SQUAT CIRCUITS: Mental Strength Training Series
Plenty of lifters refer to the squat as the “king of all exercise,” and for good reason! You may be able to lift more weight on the deadlift, but nothing comes close to the squat in terms of overall muscle-building power. Heavy squats will not only build your legs up to tree trunks – they’ll give you a strong lower back, rock-solid abs, and a sturdy upper back.
If you’ve been lifting for any decent length of time, then you also know how incredibly tough squats can be – especially when you do lots of reps. Your legs don’t peter out at the end of a set like your triceps, chest, shoulders, or even your back. If the weight’s not TOO heavy, and you want those reps bad enough – you can keep going, and going, and going. The only thing that really holds you back on high-rep squats is your pain tolerance.
With that being said, it only makes sense that you’d incorporate squats into a crazy conditioning circuit! As tough as they are, you can wipe yourself out even more by combining them with overhead presses and pulling movements. Now THAT is a true total body workout.
So, if you’re looking for a serious challenge to your conditioning and mental toughness, read on. This is one circuit that will have you lying in a pool of your own sweat, wondering why you ever thought it was a good idea – until you try it again!
To do this workout, you’re going need a power rack, two barbells, and a pull-up bar. Ideally, the pull-up bar will be overhead in the rack itself, but if not – try to use the nearest one. If that doesn’t work with your particular gym, then you might want to hang some Olympic rings from the top of the rack. They’re a good substitute when a regular pull-up bar is out of reach.
Set one bar up inside the rack for squats, and make sure you do PLENTY of warm-up sets to get your blood flowing. Do lots of reps with easy weight, so you can get ready without wearing yourself out. Once you’re warmed up, put a weight on the bar that you can normally get for a hard sets of ten reps. Be honest here. You’re going to be doing legit, rock-bottom squats, so don’t load the bar up with a weight that you normally quarter squat. This isn’t going to become your primary strength-building workout, so there’s no point in getting stupid with the weight.
Once the squat bar is ready to go, set up another bar right outside the rack for push presses. You’ll have to be your own judge when it comes to the weight, so just understand what you’re going to be doing with it. At the beginning of every circuit, you’ll be cleaning that bar from the floor one time – and then doing five explosive push presses. If you can’t move the weight fast with some leg drive, it’s way too damn heavy.
The circuit is simple but brutal. Begin as we discussed before – clean that push press bar to your shoulders, and do five rapid push presses. Keep your form rock-solid, but be explosive. There’s no point in trying to “feel” the muscle working during a conditioning circuit.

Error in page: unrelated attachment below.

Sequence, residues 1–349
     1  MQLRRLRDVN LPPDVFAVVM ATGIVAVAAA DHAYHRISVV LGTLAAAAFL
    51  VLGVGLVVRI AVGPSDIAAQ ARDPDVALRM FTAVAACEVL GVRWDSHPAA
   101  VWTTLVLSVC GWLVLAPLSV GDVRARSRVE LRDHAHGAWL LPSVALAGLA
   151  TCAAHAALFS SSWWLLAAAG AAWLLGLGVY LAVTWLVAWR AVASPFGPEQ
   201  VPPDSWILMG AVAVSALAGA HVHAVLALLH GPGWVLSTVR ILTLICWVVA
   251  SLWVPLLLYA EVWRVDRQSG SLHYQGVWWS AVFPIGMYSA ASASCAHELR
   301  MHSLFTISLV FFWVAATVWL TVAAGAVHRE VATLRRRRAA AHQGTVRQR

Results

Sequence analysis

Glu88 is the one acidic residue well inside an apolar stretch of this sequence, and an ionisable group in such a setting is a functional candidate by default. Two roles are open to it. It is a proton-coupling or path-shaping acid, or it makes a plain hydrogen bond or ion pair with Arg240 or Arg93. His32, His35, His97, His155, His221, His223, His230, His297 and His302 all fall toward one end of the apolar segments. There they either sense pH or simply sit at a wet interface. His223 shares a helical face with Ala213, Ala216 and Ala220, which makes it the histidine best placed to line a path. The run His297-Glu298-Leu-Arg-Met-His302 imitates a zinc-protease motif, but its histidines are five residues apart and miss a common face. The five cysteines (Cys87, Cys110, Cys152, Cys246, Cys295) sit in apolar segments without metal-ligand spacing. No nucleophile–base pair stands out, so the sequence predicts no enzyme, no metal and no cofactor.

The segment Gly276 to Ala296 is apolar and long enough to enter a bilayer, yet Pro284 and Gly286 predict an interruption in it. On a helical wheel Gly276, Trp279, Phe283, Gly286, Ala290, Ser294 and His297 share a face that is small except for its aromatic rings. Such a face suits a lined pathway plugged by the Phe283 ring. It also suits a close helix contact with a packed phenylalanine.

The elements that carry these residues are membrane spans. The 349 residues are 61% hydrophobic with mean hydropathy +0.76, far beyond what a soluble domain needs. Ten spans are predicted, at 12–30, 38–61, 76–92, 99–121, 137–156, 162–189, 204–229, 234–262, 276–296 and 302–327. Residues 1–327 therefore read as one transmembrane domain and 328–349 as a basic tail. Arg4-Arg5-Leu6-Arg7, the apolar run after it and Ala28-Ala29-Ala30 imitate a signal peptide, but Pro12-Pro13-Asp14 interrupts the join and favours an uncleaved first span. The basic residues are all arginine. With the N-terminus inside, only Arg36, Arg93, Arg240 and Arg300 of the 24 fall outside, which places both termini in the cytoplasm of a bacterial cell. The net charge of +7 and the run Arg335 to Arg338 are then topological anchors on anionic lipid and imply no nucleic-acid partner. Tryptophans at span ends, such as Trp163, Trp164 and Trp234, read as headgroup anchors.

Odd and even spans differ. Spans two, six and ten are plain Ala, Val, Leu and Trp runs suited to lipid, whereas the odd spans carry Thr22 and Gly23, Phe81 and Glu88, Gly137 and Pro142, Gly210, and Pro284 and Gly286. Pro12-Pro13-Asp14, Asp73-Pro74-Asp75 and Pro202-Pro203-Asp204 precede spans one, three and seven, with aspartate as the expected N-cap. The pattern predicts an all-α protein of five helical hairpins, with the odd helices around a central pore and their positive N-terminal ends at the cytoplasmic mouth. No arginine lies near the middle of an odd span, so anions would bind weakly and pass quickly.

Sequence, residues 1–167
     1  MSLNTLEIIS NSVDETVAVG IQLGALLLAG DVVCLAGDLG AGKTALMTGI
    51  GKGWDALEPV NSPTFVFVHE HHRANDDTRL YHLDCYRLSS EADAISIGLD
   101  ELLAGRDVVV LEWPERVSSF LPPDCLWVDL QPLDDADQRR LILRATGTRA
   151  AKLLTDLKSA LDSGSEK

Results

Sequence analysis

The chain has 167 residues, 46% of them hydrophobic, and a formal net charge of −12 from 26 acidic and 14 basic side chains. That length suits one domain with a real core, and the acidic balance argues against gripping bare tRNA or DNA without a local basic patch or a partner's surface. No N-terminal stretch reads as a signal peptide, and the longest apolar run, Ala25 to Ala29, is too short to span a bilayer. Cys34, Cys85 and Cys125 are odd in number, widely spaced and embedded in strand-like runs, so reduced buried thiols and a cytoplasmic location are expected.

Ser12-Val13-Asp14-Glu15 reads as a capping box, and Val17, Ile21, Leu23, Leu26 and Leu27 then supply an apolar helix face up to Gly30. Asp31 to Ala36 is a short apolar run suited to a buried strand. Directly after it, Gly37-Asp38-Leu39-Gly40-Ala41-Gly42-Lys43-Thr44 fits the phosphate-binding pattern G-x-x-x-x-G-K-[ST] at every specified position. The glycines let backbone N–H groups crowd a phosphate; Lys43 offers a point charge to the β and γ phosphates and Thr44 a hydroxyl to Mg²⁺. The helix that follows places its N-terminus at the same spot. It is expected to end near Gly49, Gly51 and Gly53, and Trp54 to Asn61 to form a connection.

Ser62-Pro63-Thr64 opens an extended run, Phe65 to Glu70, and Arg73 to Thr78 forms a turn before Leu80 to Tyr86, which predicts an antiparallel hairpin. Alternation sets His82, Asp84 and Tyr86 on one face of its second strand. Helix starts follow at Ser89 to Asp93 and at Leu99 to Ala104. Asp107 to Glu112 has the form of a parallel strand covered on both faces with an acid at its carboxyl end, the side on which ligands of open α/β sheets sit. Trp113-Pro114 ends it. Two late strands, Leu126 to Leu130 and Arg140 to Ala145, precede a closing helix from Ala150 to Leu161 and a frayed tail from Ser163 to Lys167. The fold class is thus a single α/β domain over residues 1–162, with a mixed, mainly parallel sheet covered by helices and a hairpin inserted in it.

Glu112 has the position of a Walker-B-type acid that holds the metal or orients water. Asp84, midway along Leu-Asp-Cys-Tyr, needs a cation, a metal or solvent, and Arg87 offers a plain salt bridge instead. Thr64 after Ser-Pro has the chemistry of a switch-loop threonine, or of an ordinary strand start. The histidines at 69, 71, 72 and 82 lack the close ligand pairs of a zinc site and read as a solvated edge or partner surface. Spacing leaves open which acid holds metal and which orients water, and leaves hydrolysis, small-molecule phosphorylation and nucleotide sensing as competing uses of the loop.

As soon as you’re done with those, get up on the pull-up bar and knock out ten reps. If ten pull-ups is really hard for you, then you’re probably not advanced enough to be doing this in the first place! Remember, this is a crazy workout designed for people who have already built a good base of strength and conditioning.
Don’t get down from that bar just yet. As soon as you’re done with the pull-ups, hit a set of fifteen leg raises. Be strict, but not super-slow. Again, we’re going for conditioning here, so it’s not crucial that you feel every delicate little fiber of your abdominals firing. Save that stuff for later…if ever.
The real “fun” begins once you’re finished with the abs work. Hop down from the pull-up bar, and go straight into a set of squats. You want to limit the rest between exercise, but DO NOT compromise your set-up. Squatting in a fatigued state is risky as it is, so don’t go screwing your lower back with crappy form. Using that ten-rep max that you loaded up earlier, do a set of SIX reps. Given how tired you’ll already be, that’s going to be hard enough.
Once you’ve blasted through those four movements, you are going to be absolutely toast. Give yourself three to five minutes to rest up before giving it another go. While you’re resting, take enough weight off the squat bar so that you’re at about your twelve-rep max. When you go through the circuit the second time, you’re going to be doing EIGHT reps, not six.
Continue this pattern for FIVE total rounds. You’ll take some weight off the squat bar and add two reps for each one, so the overall scheme is going to be 6-8-10-12-14. The reps and weight stay the same on all of the other exercises. Oh, and it’s fine if you have to start fudging the form on the pull-ups near the end – just don’t get into that habit for your normal back workouts.
If you knock out all five rounds, you WILL feel utterly destroyed – especially if you make an effort to limit your rest between the circuits. This is not the kind of workout you want to be doing all of the time. Like other forms of insane, balls-to-the-wall training, it’s most effective at testing your mental strength. Keep focusing on your basic heavy movements, and throw this session in every once in a while to really push yourself.
A Note on Safety
I’ll say this again because it can’t be stressed enough – be as safe as possible when you do this circuit. If you can’t keep good squat form in a fatigued state, then just don’t do it at all. You’re going to be doing these without a belt on, and your abs and lower back will need to be rock-solid even while you’re panting your lungs out. If you let your form slip, you are going to hurt yourself. Train hard, but train smart!